Ethical Issues in Employment Law
Samuel C. Moore
MGT 320- The Legal and Ethical Environment of Business
Dr. Bill Reed
Colorado State University- Global Campus
January 4, 2015
Ethical Issues in Employment Law
There are many different laws that employers must follow to be fair to their employees and to avoid being penalized by the government. These laws unfortunately are broken often especially since these laws restrict the employer and can make it more challenging for them to conduct their business rather than to look out for their employees. The Fair Labor and Standards Act of 1938 would be one of the main acts that contribute to the labor laws here in the United States (Ko, Medeloff, 2010). The Fair Labor and Standards Act (FLSA) created the forty-hour work week, established the minimum wage for the nation as well as making sure that there were regulations for employing minors. Prior to the creation of this act employers were not regulated and you would see employees working extremely long weeks with varying pay as well as young children working in factories in dangerous conditions. President Franklin Roosevelt said that this single piece of legislation was one of the most important in the history of the United States. Since the creation of this act there have been many amendments to continue to help protect the rights of employees in all kinds of working fields. Some of those amendments include the Age Discrimination in Employment Act, Migrant and Seasonal Agricultural Worker Protection Act and Fair Minimum Wage Act just to name a few. All of these labor acts and laws are governed by the United States Department of Labor whose sole job is to make sure that employers in all fields follow specific guidelines for pay, safety and advancement opportunities (Ko, Medeloff, 2010). Every day someone is being affected by illegal labor practices that can cause injury in the workplace or causing an employee to not feel valued or equal to others.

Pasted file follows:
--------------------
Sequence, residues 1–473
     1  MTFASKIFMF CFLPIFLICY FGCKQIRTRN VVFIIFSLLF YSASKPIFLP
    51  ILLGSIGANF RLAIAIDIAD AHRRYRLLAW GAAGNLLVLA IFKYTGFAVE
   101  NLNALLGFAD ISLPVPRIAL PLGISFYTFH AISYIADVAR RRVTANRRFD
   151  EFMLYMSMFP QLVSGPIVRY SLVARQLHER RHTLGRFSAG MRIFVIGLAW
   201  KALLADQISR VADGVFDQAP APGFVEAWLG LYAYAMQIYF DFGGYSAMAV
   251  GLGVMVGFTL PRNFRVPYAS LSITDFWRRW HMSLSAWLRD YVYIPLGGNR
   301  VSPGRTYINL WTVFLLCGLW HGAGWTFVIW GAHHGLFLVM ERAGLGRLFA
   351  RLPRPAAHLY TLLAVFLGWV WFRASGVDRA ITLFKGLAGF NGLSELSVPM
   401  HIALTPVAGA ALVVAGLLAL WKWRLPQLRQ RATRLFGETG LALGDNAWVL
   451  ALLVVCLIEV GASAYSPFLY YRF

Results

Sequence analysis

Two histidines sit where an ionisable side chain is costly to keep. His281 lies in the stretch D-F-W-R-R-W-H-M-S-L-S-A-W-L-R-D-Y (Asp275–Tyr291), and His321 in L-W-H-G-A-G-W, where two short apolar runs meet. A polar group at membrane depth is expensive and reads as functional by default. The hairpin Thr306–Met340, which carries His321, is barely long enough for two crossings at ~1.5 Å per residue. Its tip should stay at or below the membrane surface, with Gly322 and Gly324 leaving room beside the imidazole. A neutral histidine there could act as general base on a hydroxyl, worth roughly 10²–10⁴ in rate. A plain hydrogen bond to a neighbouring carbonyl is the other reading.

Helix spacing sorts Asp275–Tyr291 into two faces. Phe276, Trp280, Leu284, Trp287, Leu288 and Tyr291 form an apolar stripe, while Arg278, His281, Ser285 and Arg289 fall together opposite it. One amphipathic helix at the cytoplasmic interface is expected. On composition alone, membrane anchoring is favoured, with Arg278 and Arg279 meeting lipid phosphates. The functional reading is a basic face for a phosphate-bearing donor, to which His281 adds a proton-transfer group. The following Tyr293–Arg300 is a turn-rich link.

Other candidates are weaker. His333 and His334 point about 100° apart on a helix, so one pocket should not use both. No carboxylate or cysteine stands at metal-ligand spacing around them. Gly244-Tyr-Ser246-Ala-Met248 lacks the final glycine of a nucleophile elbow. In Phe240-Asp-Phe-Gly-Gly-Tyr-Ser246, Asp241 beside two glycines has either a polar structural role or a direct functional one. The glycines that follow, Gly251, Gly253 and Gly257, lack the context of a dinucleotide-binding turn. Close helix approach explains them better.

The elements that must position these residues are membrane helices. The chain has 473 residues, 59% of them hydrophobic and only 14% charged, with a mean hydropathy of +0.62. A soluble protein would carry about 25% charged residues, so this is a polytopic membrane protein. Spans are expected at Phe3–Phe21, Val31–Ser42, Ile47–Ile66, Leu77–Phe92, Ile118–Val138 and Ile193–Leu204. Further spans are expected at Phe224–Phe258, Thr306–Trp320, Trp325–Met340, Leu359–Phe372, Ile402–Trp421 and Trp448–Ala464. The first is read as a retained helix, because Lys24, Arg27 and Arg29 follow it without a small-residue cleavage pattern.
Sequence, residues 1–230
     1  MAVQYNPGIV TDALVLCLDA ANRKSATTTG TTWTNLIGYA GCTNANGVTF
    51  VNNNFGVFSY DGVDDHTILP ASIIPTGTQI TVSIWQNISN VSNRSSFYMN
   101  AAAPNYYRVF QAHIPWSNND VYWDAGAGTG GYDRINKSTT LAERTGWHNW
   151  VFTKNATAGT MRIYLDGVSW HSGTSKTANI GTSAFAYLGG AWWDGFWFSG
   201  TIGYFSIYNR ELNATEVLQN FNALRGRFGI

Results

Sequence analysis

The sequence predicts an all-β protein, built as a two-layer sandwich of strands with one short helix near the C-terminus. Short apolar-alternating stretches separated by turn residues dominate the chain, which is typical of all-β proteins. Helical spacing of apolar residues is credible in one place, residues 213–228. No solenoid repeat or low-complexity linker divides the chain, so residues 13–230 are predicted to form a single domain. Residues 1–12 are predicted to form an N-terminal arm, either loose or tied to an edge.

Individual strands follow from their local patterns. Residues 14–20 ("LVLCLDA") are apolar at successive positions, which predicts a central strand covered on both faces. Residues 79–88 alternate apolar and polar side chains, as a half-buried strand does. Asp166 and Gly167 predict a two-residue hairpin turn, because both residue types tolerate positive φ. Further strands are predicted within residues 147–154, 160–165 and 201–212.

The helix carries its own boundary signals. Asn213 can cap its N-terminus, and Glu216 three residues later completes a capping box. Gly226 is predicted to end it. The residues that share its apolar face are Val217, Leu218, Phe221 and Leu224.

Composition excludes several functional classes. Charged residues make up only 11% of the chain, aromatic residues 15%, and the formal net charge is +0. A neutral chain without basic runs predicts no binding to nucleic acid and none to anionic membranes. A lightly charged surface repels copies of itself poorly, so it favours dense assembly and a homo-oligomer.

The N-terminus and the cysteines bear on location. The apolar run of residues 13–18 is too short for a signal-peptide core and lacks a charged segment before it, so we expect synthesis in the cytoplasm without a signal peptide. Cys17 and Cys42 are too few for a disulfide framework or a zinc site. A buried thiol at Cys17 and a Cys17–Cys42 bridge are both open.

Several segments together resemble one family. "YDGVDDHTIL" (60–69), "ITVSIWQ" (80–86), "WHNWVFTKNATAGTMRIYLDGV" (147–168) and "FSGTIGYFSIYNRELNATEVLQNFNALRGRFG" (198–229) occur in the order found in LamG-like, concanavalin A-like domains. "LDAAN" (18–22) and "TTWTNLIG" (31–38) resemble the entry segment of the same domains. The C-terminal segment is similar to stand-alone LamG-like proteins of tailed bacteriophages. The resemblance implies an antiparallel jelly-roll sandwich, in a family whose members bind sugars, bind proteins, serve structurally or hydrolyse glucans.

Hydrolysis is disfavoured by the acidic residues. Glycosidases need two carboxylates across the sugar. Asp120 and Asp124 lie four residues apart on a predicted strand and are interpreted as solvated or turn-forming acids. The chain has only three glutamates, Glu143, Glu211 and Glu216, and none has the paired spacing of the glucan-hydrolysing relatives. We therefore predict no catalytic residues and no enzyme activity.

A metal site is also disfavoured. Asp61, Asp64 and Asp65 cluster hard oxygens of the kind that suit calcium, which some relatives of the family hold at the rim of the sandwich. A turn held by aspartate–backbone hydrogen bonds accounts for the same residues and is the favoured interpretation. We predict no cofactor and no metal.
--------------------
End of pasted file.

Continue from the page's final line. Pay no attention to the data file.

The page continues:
Personally I have worked in many different fields from restaurants to contracting and even running my own business, I have experienced the affects that being treated unfairly in a work setting can make someone feel and I also have been on the employer side where we are constantly looking at the labor laws and making sure that everyone in our company are following them every single day. I feel like the ethical part of following the labor laws are what companies should listen to, the laws are put in place to make sure that the employees are being treated properly. When I think of one particular time that I experienced breaking a labor law at the expense of me it was when I was working in the contracting industry. I was in high school and in the summers I would work for a contracting company that did many different kinds of jobs everything from remodels to new construction. In a particular job where we were doing a remodel on a commercial building I was removing old linoleum flooring from the back hallway of this building days and days of working to remove the flooring it came known by an inspector to contain asbestos in the material and that I was being exposed to above the maximum level of asbestos in the air. The Occupational Safety and Health Administration (OSHA) which is a separate department within the United States Department of Labor, states that the maximum level of exposure to asbestos that an employee can work within is 0.1 fiber per cubic centimeter as an average over an eight hour time frame (OSHA, 2011). Anything over this limit the employer is subject to fines from OSHA and potentially the Environmental Protection Agency (EPA). In my particular case the exposure level was nearing 0.2 which is close to double the acceptable limit, when this was found my employer was fined by OSHA and had to shut their job site down for 5 days and pay for a remediation team to come in and remove the asbestos (OSHA, 2011). The company...
References: Ko, K., Medeloff, J., & Gray, W. (2010). The role of inspection sequence in compliance with the US Occupational Safety and Health Administration’s (OSHA) standards: Interpretations and implications. Regulation & Governance, 4(1). 48-70. Doi: 10.1111/j.1748-5991.2010.01070.x
United States Occupational Safety and Health Administration (OSHA) (2011). http://www.gpo.gov/fdsys/pkg/CFR-2011-title29-vol6/pdf/CFR-2011-title29-vol6-sec1910-1001.pdf
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